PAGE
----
American History

Lessons from the Civil War for America’s Fractured Present: Part Two

Timothy William Waters— Why Remembering the Civil War Matters: Talking about Belonging in America How we remember the Civil War matters for thinking about our increasingly fragile union today—how we talk about identity, belonging, and leaving. The war seems to offer an obvious moral model. But that solution dissolves when

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Lessons from the Civil War for America’s Fractured Present: Part One

Timothy William Waters— What We (Mis-)Remember about Our Reasons for Fighting America is now so polarized that serious people wonder if the country will hold together. The Atlantic devoted its December issue to “How to Stop a Civil War”—and the Atlantic, founded in 1857, covered the actual Civil War. As

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Martha Gibbs Was a Southern Woman and a Slave-Master

Stephanie E. Jones-Rogers— In 1859, after touring the antebellum South, the journalist and New York Tribune editor James Redpath attempted to explain for his readers why white southern women opposed emancipation. He believed that their sentiments were tied to a lifetime of indoctrination, “reared,” as they were, “under the shadow of the

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Dances with Wolves and the Many Abuses of Lakota History

Pekka Hämäläinen— The histories of the Lakota people and the United States are intimately and violently linked. The Lakotas almost always seem to be there when American history turns and shifts. They were there in 1776, consolidating themselves as a nation in the Black Hills just as the American colonists

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Race, Land, and Migration after the Civil War

Kendra Taira Field— When Thomas Jefferson Brown finally decided to make his home in Indian Territory in 1870, he had been there many times before. For months he had been going in on day trips from Arkansas, his grandson mused more than a century later, learning the Muskogean languages and

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Corn and Colonization

Christine M. DeLucia— A kernel of corn, a chunk of quartz. Timothy Alden, Jr., tried to preserve these objects for posterity by donating them in March 1815 to the newly founded American Antiquarian Society in Worcester, Massachusetts. Both items, the minister indicated, bore direct connections to King Philip’s War. That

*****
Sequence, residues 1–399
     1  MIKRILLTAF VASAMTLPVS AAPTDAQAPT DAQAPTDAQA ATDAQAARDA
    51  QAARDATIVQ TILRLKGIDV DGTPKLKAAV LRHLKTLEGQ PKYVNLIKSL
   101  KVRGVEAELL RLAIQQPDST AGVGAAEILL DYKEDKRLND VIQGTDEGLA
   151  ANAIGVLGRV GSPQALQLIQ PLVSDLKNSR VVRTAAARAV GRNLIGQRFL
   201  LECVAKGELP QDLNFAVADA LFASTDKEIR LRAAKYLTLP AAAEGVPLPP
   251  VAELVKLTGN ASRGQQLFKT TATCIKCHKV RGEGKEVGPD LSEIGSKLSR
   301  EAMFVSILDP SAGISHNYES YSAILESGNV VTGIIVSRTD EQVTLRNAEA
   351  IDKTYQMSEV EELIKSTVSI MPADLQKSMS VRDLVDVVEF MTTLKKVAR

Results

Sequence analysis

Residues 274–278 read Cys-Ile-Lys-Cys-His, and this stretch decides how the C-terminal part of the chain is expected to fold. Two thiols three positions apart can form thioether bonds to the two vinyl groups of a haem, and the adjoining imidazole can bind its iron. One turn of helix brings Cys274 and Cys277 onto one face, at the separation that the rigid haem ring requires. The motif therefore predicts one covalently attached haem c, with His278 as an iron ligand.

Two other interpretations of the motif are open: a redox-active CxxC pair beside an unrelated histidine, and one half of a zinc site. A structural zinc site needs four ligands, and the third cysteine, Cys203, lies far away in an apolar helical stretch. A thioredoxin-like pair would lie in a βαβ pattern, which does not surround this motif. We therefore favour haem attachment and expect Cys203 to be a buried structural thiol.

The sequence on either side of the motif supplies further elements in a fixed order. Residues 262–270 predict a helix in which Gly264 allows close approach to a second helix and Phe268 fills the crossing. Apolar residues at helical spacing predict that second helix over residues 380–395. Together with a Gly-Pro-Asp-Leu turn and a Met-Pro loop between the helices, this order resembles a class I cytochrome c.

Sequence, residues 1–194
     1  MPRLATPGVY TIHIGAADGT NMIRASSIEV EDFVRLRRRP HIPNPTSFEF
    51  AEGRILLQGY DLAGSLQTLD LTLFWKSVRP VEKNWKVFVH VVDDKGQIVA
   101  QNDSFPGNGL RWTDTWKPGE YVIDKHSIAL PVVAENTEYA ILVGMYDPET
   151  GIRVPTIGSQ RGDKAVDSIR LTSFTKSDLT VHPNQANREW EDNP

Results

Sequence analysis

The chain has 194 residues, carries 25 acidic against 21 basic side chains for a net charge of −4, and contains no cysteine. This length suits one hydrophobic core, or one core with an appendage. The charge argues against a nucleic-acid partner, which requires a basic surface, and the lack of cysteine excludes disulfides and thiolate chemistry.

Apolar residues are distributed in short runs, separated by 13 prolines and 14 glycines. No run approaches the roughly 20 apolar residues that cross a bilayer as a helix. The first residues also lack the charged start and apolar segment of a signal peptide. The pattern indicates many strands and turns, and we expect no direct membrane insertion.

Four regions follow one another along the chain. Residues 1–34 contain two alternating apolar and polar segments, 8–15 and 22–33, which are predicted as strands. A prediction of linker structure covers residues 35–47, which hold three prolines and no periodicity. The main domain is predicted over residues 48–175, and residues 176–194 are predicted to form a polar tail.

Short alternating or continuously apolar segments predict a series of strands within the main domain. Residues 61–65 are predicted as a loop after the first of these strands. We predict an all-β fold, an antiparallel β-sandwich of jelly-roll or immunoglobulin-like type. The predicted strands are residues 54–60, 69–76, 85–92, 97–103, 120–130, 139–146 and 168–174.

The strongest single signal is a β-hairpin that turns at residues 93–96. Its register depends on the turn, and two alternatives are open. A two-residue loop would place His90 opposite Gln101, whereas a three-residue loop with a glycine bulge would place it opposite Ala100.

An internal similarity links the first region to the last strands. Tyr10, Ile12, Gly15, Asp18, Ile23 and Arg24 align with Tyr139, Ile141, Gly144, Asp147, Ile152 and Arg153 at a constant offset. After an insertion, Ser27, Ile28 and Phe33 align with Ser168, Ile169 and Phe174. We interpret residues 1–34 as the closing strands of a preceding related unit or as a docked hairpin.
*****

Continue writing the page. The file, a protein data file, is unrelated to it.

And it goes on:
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White Supremacy and Privilege: Legacies of Slavery

Richard D. Brown— Everyone reading this enjoys privilege. Some possess athletic or intellectual gifts that set them apart; and those possessing sight, speech, hearing, and physical mobility are privileged. Those possessing the capacity to love and to be loved are privileged. Because these are not “man-made” social or cultural privileges,

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The Politics of the Pilgrims and Puritans

Peter C. Mancall— We live in a moment when politics are rough, and not only in the United States. In the United Kingdom, where I am spending the academic year at Oxford, the political debate leading to the parliamentary election on December 12 is as bitterly contested as anything transpiring

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Harvey Milk: His Lives and Death

Lillian Faderman— Harvey Milk—charismatic, eloquent, a wit and a smart aleck—was one of the first openly gay men to be elected to any political office anywhere. On November 18, 1977, soon after he won a seat on the San Francisco Board of Supervisors, he made three tape recordings that he

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Racial Passing in America

Adele Logan Alexander— Over the years, the practice of “passing” for white has variously been considered wicked, cowardly, deceptive, essential, all or none of the above by much of the African American community. Certainly, it was and is controversial. In years, decades, and centuries past, a number of light-skinned African

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